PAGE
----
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by Mary Ansell, Copyright © 2001

Once upon a time there was a blue jay, who lived in a woods by the ocean. All day he flew from tree to tree, searching for food, and screaming and calling to his friends.

One day he met a squirrel who was spreading a rumour.

"There is a creature in this woods who can grant wishes," chattered the squirrel. "This morning I wished I could find a beech nut. Would you believe it? The next moment, I saw one right in front of me! When I'd eaten it, I tried again. I wished for an acorn. Almost before I'd finished wishing, there it was!"

"This must be investigated!" screamed the blue jay.

He began to question all the animals who lived in the woods. Finally he found a nuthatch who said, "The old crow who roosts in the tall pine tree near the Point has the power to do anything. He can grant wishes whenever he likes!"

That very afternoon, the blue jay paid a visit to the crow, and asked if it were really possible for the crow to grant wishes.

The crow fluffed up his feathers, and looked very wise. "Of course it is possible. And since you've taken the trouble to find me, you may have three wishes!"

However, the blue jay was doubtful, and decided to test the crow's power by making a very difficult wish. "I wish the sky would fall!" he told the crow.

"Nothing could be simpler," replied the crow. "Your wish will soon come true."

At first nothing happened. But soon it began to grow more and more misty, until a thick fog had settled over the woods.

"Fog is a type of cloud, and a cloud is part of the sky," reasoned the blue jay. "This probably happened because of my wish."

He was wondering what his second wish should be, when he overheard a conversation between two moths. One was saying to the other, "Did you see? There was a beautiful shower of falling stars last night, after the moon went down."

The jay found the crow again. "Blue jays are always awake all day," he explained, "but as soon as the sun goes down, they fall asleep. What I wish is that tonight I will stay wide awake, and be able to see the moon and stars."

That evening, instead of climbing into the middle of a bush and fluffing out his feathers as he always did to keep safe and warm while sleeping, the blue jay flew to the top of a pine tree, where he would have a good view. As it grew darker and darker, he heard the hoot of an owl, and saw a pair of bats swooping after insects. He was quite excited, and did not feel at all sleepy.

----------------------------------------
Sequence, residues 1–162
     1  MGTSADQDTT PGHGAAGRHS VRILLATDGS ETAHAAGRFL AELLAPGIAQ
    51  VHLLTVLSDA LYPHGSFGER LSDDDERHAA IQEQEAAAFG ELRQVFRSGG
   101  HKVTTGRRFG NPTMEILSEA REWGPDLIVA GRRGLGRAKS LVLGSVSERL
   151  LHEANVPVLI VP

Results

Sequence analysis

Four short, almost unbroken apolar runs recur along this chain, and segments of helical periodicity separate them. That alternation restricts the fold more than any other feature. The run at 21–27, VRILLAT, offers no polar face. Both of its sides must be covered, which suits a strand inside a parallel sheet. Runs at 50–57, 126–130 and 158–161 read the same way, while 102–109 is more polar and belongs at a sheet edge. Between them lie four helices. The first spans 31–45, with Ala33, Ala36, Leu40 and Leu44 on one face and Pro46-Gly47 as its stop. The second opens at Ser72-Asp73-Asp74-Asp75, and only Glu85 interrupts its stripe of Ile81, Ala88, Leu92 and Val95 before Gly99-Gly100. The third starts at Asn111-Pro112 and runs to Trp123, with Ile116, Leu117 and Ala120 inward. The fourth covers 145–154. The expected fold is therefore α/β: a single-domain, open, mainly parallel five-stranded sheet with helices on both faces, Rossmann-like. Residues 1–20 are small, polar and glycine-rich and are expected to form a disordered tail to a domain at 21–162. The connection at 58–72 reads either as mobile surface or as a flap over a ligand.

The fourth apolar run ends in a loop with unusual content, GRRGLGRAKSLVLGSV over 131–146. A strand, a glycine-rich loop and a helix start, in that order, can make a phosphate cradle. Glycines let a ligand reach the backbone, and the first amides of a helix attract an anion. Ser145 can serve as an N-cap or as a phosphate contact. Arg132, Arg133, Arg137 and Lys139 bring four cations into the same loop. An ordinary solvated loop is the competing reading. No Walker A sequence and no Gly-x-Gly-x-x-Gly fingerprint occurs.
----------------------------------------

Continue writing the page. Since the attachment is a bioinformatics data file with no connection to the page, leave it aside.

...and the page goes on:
Finally, looking upwards, he could see the stars - hundreds of tiny pieces of light scattered over the sky. He saw a sudden streak of light, and guessed it must be a shooting star. As he watched the moon climb high in the sky, he thought carefully about what his last wish should be.

On the following day, he said to the crow, "Next nesting season is the first time I'll be old enough to have a nest of my own. What I wish for is to find a perfect mate."

"You'll meet her soon," promised the crow.

The blue jay was very pleased. He flew through the woods, from one clump of trees to the next, looking for other jays. Whenever he met a flock of jays, he told them about his wish, and that he would soon be meeting a perfect mate.

In the third flock was a young lady jay, who, as soon as she heard the blue jay's story, was sure that she was the one the magic intended as his mate.

She hopped gracefully onto the branch where he was sitting. "I think the magic has brought you to the right place," she said. "I think I am the one you are looking for."

The blue jay had never before seen such a beautiful lady jay. He found some delicious red berries, and presented them to her as a courtship present.

A few days later, the other jays, the squirrel, the nuthatch, and the old crow all came to the wedding, which was held in the crow's pine tree near the Point. The blue jay asked the crow to grant one more wish, a wish for a successful nesting season.

"Three wishes is enough," said the crow, "but I will give you some advice instead. Make sure your nest is well hidden, feed the young birds as much as possible, and don't let them explore on their own until they can fly well."

The pair followed his advice, and by the end of the season had raised a brood of charming young blue jays.

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